NICE, FRANCE — High intensity interval training (HIIT) may increase serum brain-derived neurotrophic factor (BDNF) levels in patients with idiopathic Parkinson disease (iPD), along with improvement of neuroplasticity and quality of life, according to study results presented at the International Congress of Parkinson’s Disease and Movement Disorders, held September 22 to 26, 2019 in Nice, France.

Previous studies have shown that BDNF plays an important role in neuron proliferation, growth and plasticity, and protects against neuron degeneration. Serum BDNF levels are lower in patients with iPD, compared to healthy controls. Several studies have shown that physical training can increase serum BDNF levels in healthy individuals and patients with iPD, and that HIIT training is more effective than aerobic training of moderate intensity.

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The goal of the current study was to assess the response of serum BDNF and microribonucleic acid (miRNA) levels to a 12-week HIIT program in patients with iPD.

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The study cohort included 32 volunteers with iPD, 16 of whom underwent 12 weeks of HIIT and 16 age-matched controls. Real-time quantitative polymerase chain reaction was used to determine the expression of miRNA and an enzyme-linked immunosorbent assay was used to measure serum BDNF levels before and after the intervention. In addition, Purdue Pegboard Test and World Health Organization Quality Of Life-BREF survey were used to assess the improvement of neuroplasticity and quality of life, respectively.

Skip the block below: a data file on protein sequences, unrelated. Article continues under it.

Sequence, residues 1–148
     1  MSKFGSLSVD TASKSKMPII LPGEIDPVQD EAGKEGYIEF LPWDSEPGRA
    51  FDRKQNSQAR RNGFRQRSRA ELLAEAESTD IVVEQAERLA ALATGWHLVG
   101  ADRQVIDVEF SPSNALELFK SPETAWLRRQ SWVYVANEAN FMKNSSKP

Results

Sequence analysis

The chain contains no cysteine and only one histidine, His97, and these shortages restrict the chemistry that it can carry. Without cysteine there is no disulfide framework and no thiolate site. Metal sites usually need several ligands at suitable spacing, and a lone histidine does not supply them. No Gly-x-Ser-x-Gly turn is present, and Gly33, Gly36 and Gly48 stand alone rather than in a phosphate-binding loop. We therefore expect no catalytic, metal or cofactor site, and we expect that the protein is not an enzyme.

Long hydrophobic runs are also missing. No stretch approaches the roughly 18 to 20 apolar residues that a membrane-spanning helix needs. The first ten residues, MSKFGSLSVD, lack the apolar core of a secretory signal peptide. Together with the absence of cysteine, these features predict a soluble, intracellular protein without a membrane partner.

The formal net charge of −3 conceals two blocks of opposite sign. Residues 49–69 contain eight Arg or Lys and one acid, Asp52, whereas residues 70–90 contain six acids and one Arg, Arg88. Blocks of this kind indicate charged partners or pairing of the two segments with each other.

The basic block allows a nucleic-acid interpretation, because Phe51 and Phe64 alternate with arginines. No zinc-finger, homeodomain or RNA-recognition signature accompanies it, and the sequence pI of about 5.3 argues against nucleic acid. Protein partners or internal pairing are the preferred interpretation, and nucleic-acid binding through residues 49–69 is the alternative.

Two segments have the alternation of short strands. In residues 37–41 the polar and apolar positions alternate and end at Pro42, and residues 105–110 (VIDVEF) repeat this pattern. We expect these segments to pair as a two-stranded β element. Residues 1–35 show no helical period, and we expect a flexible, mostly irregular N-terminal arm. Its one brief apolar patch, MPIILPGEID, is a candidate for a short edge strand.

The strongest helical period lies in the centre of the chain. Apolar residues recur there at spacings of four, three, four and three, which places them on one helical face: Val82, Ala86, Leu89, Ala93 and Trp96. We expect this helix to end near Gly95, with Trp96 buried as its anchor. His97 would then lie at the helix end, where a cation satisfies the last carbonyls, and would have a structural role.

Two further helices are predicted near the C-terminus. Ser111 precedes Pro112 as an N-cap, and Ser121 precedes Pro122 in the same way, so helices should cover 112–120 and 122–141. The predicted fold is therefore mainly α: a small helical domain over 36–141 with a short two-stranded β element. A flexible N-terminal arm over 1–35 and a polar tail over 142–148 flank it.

Results showed increased BDNF levels and stimulated expression of miRNA involved in BDNF expression. Following completion of the HIIT training program there was evidence for increased quality of life and neuroplasticity, which correlated with decreased Hoehn and Yahr scale scores.

“Twelve weeks HIIT training may elevates serum BDNF level in iPD patients, improves neuroplasticity and slows down the disease progression which correlates with their improvement of life quality,” concluded the researchers.

Deborah Hall, Director of the Movement Disorders Program at Rush University Medical Center commented that “[t]hough the study was small, it may lead the way toward future research and impact on treatment for PD at a therapeutic level.” She goes on to add that while “neurologists are frequently asking their patients with PD to exercise, not all patients are able or willing to do so, especially at levels used in many of the aerobic studies. By understanding what happens on a cellular or chemical level in these PD exercisers who improve clinically, we may be able to provide an intervention or therapeutic that can lead to the same benefits as exercise without the work of exercising.”


  1. Malczynska P, Kaminski B, Siemiatycka M, et al. High intensity interval training elevates circulating BDNF and miRNAs level in patients with idiopathic Parkinson’s disease. Poster presentation at the International Congress of Parkinson’s Disease and Movement Disorders; 22-26, 2019; Nice, France. Abstract: 969.
  2. High Intensity Interval Training May Elevate Serum BDNF Levels in Parkinson’s Disease [news release]. Nice, France: Movement Disorder Society; September 24, 2019. Accessed September 25, 2019.

This article originally appeared on Neurology Advisor